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Buttering up the upper crust: DMN's timing is hardly like a fine Rolex

Peppard (center) on the job at the Dallas Polo Club Soiree Party.

This site generally is devoted to television and its attendant offshoots on the Web and DVDs.

But in light of ongoing events at The Dallas Morning News -- the third semi-annual fall clearance sale of employees -- I'd like to address the almost insane insensitivity of Sunday's featured GuideLive presentation.

Consuming most of the section's front page, it's headlined, "Sun Birds Fly the Coop: Where the city's elite go to cool their beaks in summer."

The writer, Alan Peppard, is the newspaper's longtime chronicler of the activities engaged in by those closest to the heart of Belo chairman of the board and CEO Robert W. Decherd. In other words, Peppard writes reams of copy about the city's filthy rich. It's his job, and it's probably the least endangered one at the newspaper.

Less than a week earlier, Decherd told shareholders that Belo would be cutting "approximately 500 full-time equivalents" (a k a living, breathing human beings) from the corporation's three major newspapers, which also include The Providence Journal and The Press-Enterprise in Riverside, CA.

A large number of DMN employees will be hitting the bricks before the end of September -- either voluntarily via a "buyout" or involuntarily if not enough people take one. What better time then to write a long tome (with just two people quoted) on the summer migration habits of the silver-spooned super-privileged?

Even worse, Peppard begins by writing, "No doubt you've noticed there's no line to get the oil changed on your Bentley, there's no need to sweet-talk Jean-Pierre to get a billionaire table at Cafe Pacific, and the lights are out at some of the grander estates."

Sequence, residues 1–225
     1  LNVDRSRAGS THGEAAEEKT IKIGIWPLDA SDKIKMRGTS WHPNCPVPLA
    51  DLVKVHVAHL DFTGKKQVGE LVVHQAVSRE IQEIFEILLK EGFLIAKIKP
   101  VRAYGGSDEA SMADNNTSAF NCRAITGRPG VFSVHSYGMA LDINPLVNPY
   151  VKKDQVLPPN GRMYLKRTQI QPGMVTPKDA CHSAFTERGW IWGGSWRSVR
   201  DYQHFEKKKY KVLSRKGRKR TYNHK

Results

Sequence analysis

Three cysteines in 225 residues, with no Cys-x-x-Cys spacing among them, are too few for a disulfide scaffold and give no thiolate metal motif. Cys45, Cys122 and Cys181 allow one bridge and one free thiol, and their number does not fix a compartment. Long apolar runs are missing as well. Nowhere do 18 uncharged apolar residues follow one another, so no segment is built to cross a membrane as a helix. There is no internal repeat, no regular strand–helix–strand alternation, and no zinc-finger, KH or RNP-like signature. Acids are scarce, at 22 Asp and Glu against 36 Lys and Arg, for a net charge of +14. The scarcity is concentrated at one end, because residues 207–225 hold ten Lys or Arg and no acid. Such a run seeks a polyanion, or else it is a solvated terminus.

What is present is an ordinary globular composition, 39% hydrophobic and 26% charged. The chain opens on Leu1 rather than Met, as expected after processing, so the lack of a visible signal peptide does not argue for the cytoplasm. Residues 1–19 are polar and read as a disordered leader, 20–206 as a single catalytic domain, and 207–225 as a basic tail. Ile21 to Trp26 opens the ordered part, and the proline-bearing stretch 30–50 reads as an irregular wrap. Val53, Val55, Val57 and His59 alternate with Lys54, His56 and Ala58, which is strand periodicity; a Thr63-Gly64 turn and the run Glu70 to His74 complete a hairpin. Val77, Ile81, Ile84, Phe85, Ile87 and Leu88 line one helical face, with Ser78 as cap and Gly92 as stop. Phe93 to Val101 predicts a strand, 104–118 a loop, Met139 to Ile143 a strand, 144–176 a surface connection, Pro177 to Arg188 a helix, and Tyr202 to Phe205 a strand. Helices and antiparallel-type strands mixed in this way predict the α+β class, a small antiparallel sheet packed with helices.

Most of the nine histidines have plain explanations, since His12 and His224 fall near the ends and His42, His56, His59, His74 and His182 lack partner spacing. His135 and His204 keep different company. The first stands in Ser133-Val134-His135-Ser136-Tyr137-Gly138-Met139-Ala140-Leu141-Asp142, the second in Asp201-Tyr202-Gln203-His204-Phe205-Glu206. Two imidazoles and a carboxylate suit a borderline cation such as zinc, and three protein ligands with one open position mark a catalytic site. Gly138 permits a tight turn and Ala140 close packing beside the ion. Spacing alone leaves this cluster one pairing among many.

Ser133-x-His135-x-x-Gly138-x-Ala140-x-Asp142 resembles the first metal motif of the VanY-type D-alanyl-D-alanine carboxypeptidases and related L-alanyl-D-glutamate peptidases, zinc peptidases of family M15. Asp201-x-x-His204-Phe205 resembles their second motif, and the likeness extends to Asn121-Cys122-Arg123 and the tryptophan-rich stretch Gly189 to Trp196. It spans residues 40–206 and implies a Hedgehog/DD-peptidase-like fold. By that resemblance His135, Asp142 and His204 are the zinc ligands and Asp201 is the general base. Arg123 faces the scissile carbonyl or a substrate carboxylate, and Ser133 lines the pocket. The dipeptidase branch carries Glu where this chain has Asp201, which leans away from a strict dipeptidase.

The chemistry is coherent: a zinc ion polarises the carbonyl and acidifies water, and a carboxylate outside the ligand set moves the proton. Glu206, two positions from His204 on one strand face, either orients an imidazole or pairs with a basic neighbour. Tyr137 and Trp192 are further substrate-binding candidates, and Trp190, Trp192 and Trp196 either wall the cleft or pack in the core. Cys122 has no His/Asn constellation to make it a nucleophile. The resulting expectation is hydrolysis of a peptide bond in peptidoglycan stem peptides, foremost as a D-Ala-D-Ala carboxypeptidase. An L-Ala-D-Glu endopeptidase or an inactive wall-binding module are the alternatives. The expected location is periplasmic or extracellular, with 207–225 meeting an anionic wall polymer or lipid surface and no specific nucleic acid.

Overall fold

No, as a matter of fact, 99,999 out of every 100,000 North Texans haven't noticed. They don't move in those circles. In a death-spiraling economy, they're scrambling to stay ahead or even keep apace. Their jobs might be in jeopardy, or perhaps their homes are facing foreclosure. They wouldn't know a Bentley from a Kia.

This is nothing personal against Peppard. During my long tenure at the DMN, we weren't close friends but we certainly were friendly. But this particular article (which I tried and failed to find on the newspaper's Web site early Monday morning) is "prima facie evidence" (as Peppard wrote in his second paragraph) that the newspaper is out of touch not only with the struggling city at large but with its own highly vulnerable, financially imperiled work force.

Here's another swift, Gucci-toed kick to stomachs that have never housed a plate of fine Russian caviar: "Even a leased Maserati and a leased Rolex can't erase the shame of not having a summer home in the Hamptons," Peppard writes.

The story has nary a reference to the ongoing economic downturn. There's no sense of irony. It celebrates excess. Cute little Ross Perot, for instance, jets away during Dallas' hot summer months to a "gated enclave" in Bermuda.

The Perot manse is "dramatically situated high on a rock cliff," Peppard writes. "When not entertaining guests such as Margaret Thatcher, Mr. Perot is at his most relaxed in Bermuda, dashing about in his armada of boats and Jet Skis. Four years ago, he had a little too much fun and was ticketed for running his 38-foot boat Rough Rider at 30 knots through a 5-knot zone."

Oh, those wacky rich.

Then there's "Dallas banking billionaire" Gerald "Jerry" Ford, who "brings guests aboard his Gulfstream IV to his beachfront estate in the holiest of holy Hamptons: Southhampton. He and his bride, Kelli, hosted their wedding on the tented tennis court at the home. Architect Peter Pennoyer is responsible for the shingle-style house, which is elegant but comfortable inside."

Well, that's reassuring.

Back in the day -- a few years ago at the DMN -- some editors used to live in fear of managing editor George Rodrigue "spitting up his Cheerios" if he'd been offended by something he read in the paper. This often had to do with printing naughty words -- no matter the context -- such as "bitch" or "crap."

It's hoped that Rodrigue had the good taste to spew his Cheerios after reading this particular affront to his employees and the city's legions of less fortunate. But Peppard knows which side his baguette is buttered on. And Belo's master puppeteer no doubt approves.